Greater Bamboo Bat (Tylonycteris robustula)


Dorsal and ventral fur is brown, and the throat and belly are paler than the back.

Forearm length 25.0 -29.0 mm , average 27.2 mm . Average wingspan is 195.5 mm. Normally larger than T. pachypus.

Skull is extremely flat, there are pads on digit plantar (foot) and elbow joints, all these features being adaptations to roosting in bamboo stems.

Average weight 4.8g. (all the measurement data as given by Zhang et al., 2005).
Life history

Birth dates between late May and early June in Guangxi. Gives birth to twins. Pups can fly when 24-27 days old (Zhang et al. 2005).This bat is common where bamboo grows. It is believed that it has a habit of roosting inside the stems of the bamboo. The bats gain access via vertical slits in the stem wall; these slits can created by beetles. Size: About 4-5 cm without tail. Bamboo Bats (or 'Club-footed Bats') are so-called because they roost by day inside the stems (or 'culms') of various bamboo species.

Many such roosting sites are created by the activities of a species of leaf beetle Lasiochila goryi which, after emergence from pupation, cuts a narrow vertical slit in order to escape confinement within the bamboo stem. Larger roosting sites may naturally occur in dead or dying bamboo stems. Occasionally both species may roost in the same bamboo clump, but rarely in the same cavity.

There are two species of bamboo bat : the Greater Bamboo Bat Tylonycteris robustula and the Lesser Bamboo Bat T. pachypus. Both species have a markedly flattened skull to allow them access to their roost. The thumbs and soles of the feet have fleshy pads which give a firm foothold inside the bamboo.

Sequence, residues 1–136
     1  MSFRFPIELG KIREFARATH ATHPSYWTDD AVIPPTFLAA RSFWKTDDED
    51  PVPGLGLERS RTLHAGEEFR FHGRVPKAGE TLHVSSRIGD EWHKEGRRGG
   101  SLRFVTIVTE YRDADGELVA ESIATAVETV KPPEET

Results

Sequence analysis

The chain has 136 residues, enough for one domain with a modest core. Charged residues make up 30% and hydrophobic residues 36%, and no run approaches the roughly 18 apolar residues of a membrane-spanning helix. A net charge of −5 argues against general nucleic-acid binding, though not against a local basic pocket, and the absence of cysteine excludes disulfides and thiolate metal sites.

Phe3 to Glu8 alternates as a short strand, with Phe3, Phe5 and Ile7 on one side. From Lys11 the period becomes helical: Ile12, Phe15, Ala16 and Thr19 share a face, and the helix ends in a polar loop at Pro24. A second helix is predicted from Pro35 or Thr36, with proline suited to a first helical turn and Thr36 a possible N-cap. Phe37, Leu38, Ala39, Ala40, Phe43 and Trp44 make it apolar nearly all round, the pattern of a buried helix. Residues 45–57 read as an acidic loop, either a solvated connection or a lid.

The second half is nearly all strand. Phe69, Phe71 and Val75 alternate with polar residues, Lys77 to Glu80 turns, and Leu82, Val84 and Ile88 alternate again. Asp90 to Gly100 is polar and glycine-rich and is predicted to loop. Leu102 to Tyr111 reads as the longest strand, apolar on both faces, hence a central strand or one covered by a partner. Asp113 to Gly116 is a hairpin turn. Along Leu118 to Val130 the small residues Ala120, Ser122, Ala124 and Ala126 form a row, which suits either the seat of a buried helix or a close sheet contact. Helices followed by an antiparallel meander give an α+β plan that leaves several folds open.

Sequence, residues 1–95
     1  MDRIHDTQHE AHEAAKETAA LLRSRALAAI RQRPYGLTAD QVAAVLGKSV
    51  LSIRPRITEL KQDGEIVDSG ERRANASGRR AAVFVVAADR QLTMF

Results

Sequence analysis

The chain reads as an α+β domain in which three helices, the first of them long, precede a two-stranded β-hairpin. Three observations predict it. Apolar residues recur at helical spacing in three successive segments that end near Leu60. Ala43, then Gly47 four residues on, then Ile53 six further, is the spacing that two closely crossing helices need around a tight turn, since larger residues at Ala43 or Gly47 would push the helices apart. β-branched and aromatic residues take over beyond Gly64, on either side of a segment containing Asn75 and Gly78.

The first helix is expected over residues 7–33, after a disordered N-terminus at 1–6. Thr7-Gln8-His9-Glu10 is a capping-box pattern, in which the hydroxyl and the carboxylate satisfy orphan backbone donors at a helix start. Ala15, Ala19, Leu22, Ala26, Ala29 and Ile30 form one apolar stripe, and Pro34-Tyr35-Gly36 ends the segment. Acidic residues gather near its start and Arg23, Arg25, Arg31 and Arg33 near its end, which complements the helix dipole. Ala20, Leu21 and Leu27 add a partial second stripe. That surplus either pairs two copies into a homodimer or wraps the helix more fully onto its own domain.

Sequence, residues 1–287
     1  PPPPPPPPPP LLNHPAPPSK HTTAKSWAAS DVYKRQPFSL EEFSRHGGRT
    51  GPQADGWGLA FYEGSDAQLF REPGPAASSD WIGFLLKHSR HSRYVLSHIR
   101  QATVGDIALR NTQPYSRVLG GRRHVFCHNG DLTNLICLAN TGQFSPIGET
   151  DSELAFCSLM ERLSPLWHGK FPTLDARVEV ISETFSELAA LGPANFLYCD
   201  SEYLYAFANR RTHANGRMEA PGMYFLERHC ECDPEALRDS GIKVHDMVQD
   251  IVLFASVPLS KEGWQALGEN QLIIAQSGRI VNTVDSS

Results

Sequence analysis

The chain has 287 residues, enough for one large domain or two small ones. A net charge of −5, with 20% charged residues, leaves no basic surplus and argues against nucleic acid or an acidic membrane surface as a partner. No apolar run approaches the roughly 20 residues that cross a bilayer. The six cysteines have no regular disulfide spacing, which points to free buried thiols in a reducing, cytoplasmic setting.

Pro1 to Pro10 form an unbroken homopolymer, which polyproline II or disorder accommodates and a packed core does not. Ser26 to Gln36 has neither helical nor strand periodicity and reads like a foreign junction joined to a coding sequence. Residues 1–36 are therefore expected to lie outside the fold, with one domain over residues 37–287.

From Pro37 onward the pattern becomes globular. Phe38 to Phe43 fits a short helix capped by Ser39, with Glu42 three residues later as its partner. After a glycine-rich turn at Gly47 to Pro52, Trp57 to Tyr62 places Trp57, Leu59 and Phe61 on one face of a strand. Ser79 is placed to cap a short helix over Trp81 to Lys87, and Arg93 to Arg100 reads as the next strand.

Remarkably these bats are able to squeeze through slits as narrow as 4-8 mm. Roosting sites are thus largely inaccessible to predators, though an instance of predation by a Paradise Tree Snake Chrysopelea paradisi was documented in Singapore by Chan Kwok Wai.

Reportedly the bats can fly straight through the slit-shaped opening without pausing, though whether this is true or not is unclear.

Fur colour is variable : the Greater Bamboo Bat is medium to dark brownish overall, and the Lesser Bamboo Bat tends to be more pale brown on top, and orange underneath. The species are most easily distinguished on the basis of size.

Bamboo bats inhabit forested areas, and forage at night for flying insects, particularly termite swarms.


This species ranges from North-eastern India, through parts of Southern China, to much of mainland and insular Southeast Asia. In South Asia, this species is presently only known from India (Mizoram) (Srinivauslu et al. in press), where it has been recorded from an elevation of 800 to 1,000 m asl (Molur et al. 2002). In southern China, it has been reported from Yunnan and Guangxi (Smith and Xie 2008). In Southeast Asia, it ranges from Myanmar in the west, through Thailand, Lao PDR, Vietnam, Cambodia, Peninsular Malaysia and Singapore, to Indonesia (Sumatra, Java, Bali, Lombok, Sulawesi, Peleng), the island of Timor (East Timor and Indonesia), western Borneo (Brunei, Indonesia and Malaysia) and the Philippines, where it has been recorded from the islands of Luzon (Rizal and Zambales provinces), Calauit and Palawan (Heaney et al. 1998) and Negros (Carino et al. 2006).
Countries: Native:
Brunei Darussalam; Cambodia; China; India; Indonesia; Lao People's Democratic Republic; Malaysia; Myanmar; Philippines; Singapore; Thailand; Timor-Leste; Vietnam


There are no major threats to the species as a whole. In South Asia the threats to this species remain unknown (Molur et al. 2002), however, it is presumed that this species may be threatened by deforestation, generally resulting from commercial logging operations and the conversion of land to agricultural and other uses. It is also possibly threatened due to disturbance to roosting sites (C. Srinivasulu pers. comm. 24 February 2008).

Conservation Actions:

This species has been recorded from nay protected areas. In South Asia, there are no direct conservation measures in place for this species and it has not been recorded from any protected areas. In South Asia, further studies are needed into the taxonomy, distribution, abundance, reproduction and ecology of this species. Populations should be monitored to record changes in abundance and distribution (C. Srinivasulu pers. comm. 24 February 2008).